DRAMs tend to have bit-flips. We can see them when our PC or other electronics crash or behave erraticly. Servers use ECC and run stable for years. In fact the error correction is performed by the CPU on a 72 bit (64 data + 8 parity bits) wide memory bus.

On all drives you sometimes find a corrupted file, which might have been caused by a bit-flip of the DRAM during a Write. Or sometimes even the whole directory or block-map gets corrupted.

Drives do not have a 72 bit wide memory bus, but just use a single 16 bit wide DRAM chip on them. But with 'on chip ECC' DRAM (available from www.intelligentmemory.com/ECC-DRAM/) it would be possible to fill this gap.

 

andyzg
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Re: Paging reinvented?
andyzg   2/25/2015 3:59:34 AM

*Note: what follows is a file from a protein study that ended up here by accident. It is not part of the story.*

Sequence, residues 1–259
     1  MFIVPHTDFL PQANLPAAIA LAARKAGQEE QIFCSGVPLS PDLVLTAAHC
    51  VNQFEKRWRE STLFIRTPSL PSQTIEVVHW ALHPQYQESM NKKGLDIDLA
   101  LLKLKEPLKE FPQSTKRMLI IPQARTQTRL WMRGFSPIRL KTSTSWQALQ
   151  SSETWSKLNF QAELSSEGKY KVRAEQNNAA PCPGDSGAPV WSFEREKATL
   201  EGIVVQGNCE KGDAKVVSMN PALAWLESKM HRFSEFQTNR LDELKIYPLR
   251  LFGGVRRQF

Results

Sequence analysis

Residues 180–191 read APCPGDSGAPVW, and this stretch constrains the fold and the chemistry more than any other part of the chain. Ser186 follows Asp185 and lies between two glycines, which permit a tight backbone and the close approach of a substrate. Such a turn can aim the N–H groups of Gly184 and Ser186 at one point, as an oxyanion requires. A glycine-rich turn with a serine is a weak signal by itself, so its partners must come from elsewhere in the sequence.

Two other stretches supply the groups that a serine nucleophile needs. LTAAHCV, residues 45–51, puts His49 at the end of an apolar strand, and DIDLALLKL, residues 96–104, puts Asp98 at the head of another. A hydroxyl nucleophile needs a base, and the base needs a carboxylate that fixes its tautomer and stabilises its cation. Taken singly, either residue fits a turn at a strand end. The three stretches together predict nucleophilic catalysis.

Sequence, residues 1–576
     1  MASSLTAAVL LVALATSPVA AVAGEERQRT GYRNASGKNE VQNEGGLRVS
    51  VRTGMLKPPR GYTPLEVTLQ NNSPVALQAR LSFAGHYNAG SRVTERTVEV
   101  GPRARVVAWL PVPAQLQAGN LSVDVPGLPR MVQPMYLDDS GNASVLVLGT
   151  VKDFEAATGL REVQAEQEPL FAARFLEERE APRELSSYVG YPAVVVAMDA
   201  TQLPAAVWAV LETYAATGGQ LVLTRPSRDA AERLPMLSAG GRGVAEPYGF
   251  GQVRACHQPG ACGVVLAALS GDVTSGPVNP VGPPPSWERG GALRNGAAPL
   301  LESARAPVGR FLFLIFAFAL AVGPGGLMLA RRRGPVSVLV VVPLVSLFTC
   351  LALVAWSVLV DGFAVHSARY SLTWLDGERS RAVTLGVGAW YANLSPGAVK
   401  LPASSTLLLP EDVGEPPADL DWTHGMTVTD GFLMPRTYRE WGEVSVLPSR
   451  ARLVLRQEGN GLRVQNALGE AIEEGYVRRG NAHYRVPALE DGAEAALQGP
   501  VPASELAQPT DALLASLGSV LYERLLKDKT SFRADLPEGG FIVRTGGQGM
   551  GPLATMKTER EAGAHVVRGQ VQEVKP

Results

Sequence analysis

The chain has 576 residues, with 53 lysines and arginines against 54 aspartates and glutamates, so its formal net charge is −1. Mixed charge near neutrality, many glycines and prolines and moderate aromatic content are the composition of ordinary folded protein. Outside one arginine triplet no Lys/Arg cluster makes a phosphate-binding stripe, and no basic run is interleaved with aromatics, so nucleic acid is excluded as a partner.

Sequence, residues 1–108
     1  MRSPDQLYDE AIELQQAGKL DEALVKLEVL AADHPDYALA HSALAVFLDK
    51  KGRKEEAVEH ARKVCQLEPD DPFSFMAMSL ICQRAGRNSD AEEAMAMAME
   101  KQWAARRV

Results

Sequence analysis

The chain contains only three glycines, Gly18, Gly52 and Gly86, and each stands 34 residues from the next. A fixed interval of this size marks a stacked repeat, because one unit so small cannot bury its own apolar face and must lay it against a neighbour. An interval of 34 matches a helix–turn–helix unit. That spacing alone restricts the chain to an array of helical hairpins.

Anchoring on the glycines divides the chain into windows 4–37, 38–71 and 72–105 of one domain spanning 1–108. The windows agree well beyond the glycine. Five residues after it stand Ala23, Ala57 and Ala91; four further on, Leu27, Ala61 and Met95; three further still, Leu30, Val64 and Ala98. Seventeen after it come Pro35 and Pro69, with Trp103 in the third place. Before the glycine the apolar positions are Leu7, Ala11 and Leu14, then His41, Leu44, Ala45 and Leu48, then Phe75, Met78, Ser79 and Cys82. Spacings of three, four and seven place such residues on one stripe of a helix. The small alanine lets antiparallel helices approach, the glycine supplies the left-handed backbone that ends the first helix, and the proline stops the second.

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I would expect that - given the relatively low latency of the SSD compared to an HDD - the paging is done in hardware, without involving the OS and its overhead.

nvqanh
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Re: DRAM maker reacts
nvqanh   2/24/2015 11:51:24 PM
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--> @Rick, I'm familiar with DRAM and Flash memory power consumption, but I think that if missing rate is small then (1GB DRAM + 4GB Flash) may require less energy than 4GB DRAM. Let me show my this humble opinion in a quantitative way.
     Assume:
      Energy consumed by one access to 4GB DRAM = 1.2 (D) x Energy consumed by one access to 1GB SRAM (E)
      Energy consumed by one access to 4GB Flash (at miss) = 10  (F) x Energy consumed by one access to 4GB DRAM
      (though Flash is considered lower power then DRAM, I assume 10x in consideration of the fact that access to Flash is done in Page-unit not in byte-unit like the case of DRAM)